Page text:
3. Keep Your Primary Bank Account At Home.
I keep my primary savings account and the ATM card for this account at home. I usually keep $1000-$2000 in a different account with a different bank that I use while I travel. Once the travel account gets low, I will e-transfer money from my main account from home to fill it up again. I do this to minimize a loss if I get caught up in an Express Robbery. (See tip four below.)
4. Only Use Registered Taxis. Get Your Hotel Or Restaurant To Call For You.
An Express Robbery is a term that describes a hostage situation that involves a victim, taxi driver, and a thief. Usually, the thief and taxi driver are working together as a team.
The taxi driver will text the robber ahead of time to notify them that they have a foreigner to rob. The thief will enter the taxi at a stop light and threaten both the driver and passenger with a gun or knife. The taxi driver will pretend that they do not know whats going on. They will take the foreigner to an ATM and get them to withdraw as much money as possible.
Sometimes a foreigner is held hostage for a few days or more so that the thieves can maximize the daily withdrawal limits until the entire account is empty. So by only keeping a small amount of money in your bank account can limit this risk.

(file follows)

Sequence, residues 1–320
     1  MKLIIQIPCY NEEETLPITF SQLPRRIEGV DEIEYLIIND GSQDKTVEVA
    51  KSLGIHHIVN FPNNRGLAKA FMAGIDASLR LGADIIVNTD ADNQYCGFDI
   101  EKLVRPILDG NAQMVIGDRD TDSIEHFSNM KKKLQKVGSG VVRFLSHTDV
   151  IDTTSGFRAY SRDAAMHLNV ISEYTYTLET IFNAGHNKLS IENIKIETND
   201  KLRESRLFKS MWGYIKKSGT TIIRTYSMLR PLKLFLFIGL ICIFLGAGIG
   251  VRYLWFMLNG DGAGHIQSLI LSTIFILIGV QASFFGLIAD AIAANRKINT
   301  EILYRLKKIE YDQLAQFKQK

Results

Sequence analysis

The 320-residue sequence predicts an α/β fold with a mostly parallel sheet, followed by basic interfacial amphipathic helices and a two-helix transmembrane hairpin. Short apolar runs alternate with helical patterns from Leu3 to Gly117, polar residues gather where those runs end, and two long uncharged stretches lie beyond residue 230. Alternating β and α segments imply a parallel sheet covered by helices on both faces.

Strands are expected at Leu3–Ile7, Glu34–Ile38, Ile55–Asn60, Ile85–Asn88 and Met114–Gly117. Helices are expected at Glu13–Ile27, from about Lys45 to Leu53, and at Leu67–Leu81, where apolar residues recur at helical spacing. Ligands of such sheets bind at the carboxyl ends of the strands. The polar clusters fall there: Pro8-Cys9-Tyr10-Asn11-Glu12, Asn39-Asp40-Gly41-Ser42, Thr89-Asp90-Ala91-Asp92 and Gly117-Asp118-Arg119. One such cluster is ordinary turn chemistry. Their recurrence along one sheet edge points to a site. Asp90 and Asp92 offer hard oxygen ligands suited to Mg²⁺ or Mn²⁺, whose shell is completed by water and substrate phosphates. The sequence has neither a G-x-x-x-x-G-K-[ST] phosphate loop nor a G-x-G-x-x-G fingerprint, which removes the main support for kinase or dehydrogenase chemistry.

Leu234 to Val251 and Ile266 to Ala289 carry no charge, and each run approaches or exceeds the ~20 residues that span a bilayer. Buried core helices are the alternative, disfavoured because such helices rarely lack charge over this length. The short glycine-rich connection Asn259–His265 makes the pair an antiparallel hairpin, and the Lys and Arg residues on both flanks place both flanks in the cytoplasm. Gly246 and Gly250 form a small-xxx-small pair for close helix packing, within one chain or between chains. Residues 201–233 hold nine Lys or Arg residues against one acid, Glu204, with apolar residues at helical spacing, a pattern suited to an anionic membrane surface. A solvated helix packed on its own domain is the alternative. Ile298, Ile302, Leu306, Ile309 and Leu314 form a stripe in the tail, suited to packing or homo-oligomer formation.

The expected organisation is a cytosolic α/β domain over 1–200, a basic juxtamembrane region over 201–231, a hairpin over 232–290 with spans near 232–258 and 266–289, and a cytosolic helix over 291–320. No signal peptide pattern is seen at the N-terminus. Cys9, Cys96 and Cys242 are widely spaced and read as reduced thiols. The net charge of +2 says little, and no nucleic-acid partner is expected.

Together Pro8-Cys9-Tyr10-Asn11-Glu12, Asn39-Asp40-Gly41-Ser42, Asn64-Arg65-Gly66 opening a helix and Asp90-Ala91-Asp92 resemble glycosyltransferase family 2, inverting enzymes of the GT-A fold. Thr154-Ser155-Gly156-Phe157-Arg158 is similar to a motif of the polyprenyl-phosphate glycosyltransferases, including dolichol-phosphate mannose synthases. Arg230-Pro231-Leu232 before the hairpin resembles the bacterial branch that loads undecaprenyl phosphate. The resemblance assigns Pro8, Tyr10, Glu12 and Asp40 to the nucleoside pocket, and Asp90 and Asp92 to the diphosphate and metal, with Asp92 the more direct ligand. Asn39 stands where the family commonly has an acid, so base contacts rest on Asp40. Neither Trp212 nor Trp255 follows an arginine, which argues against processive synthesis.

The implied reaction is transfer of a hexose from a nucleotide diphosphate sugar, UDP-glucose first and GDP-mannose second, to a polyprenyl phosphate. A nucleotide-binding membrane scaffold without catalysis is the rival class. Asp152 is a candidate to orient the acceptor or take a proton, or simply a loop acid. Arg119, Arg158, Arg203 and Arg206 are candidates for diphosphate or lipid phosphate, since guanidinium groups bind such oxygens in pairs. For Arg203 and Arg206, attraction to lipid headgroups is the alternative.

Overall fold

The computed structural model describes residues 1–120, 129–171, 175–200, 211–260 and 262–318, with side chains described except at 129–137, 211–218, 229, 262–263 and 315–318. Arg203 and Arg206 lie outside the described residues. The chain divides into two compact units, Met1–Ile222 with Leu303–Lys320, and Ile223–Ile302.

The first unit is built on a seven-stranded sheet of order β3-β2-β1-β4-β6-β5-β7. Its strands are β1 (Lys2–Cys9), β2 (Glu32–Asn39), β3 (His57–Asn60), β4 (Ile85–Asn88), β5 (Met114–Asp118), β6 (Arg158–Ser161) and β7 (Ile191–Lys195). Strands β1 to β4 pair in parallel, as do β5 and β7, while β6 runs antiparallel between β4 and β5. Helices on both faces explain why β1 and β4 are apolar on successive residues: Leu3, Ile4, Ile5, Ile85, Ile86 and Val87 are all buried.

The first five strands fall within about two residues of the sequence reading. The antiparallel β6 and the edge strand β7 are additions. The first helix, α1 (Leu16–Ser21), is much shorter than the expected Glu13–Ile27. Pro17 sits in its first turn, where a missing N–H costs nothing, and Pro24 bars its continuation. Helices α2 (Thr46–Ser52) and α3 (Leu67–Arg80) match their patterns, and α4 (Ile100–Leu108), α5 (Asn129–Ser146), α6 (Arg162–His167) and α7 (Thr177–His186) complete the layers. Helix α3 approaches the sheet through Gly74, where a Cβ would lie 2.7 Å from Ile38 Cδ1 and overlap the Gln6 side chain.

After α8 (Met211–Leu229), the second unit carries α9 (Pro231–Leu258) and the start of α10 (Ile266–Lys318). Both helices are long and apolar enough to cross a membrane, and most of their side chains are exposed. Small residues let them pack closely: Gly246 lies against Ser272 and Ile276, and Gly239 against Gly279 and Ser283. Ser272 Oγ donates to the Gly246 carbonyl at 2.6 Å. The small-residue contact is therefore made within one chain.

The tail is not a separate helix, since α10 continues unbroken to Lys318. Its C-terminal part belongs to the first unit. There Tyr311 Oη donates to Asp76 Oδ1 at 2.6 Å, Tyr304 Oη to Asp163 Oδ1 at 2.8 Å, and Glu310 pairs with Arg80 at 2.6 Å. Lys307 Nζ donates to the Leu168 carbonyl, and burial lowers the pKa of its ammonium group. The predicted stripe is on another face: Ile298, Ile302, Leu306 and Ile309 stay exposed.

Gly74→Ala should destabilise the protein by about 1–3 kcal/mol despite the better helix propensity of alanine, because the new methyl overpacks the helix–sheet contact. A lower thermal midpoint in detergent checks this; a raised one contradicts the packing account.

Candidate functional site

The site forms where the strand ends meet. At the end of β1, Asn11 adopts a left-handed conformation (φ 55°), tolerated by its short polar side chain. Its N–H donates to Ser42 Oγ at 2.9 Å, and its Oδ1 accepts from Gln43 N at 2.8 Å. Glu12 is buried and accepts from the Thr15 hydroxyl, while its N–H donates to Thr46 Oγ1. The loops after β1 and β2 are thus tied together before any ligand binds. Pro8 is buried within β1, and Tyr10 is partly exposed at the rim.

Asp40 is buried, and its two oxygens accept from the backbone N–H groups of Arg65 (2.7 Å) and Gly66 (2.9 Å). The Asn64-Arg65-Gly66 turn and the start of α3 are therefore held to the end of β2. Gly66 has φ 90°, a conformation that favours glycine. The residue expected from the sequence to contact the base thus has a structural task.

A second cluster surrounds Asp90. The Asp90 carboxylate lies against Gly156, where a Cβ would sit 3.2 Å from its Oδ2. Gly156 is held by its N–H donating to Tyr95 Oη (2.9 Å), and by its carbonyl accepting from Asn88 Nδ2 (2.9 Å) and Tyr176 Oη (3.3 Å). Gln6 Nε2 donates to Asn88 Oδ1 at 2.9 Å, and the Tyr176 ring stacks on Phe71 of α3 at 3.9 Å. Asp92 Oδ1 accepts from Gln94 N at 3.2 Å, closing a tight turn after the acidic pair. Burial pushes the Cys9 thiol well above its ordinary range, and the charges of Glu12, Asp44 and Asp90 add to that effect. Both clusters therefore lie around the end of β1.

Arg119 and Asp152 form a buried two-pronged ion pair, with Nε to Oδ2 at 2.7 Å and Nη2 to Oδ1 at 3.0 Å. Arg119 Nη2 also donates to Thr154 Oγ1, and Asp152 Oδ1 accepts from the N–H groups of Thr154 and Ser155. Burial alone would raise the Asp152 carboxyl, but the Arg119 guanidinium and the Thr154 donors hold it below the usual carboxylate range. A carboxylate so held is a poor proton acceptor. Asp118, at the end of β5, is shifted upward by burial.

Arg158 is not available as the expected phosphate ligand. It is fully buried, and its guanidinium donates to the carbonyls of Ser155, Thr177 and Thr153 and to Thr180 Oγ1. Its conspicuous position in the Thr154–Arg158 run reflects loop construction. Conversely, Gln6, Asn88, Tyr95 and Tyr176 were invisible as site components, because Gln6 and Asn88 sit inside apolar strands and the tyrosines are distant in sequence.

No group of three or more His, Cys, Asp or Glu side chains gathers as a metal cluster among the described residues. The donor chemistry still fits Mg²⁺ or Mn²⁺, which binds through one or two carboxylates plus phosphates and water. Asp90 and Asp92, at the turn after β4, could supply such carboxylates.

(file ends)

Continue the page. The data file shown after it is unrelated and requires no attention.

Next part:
The best way to avoid this type of situation is to order a taxi from a registered company, through your hotel, hostel, restaurant, pub, or at the airport. When you have an establishment order a taxi, the driver’s unit number and your destination are usually recorded.
5. Try To Accumulate Small Bills.
Sometimes taxis and small vendors will pass on counterfeit bills within the change of the unsuspecting tourists. This is most likely going to happen if you are taking a taxi at night. It also happens a lot in bars and restaurants.
A lot of taxis will claim that they have no change to break your bigger bills. This is usually a trick to try and entice you into to leave the difference as a tip.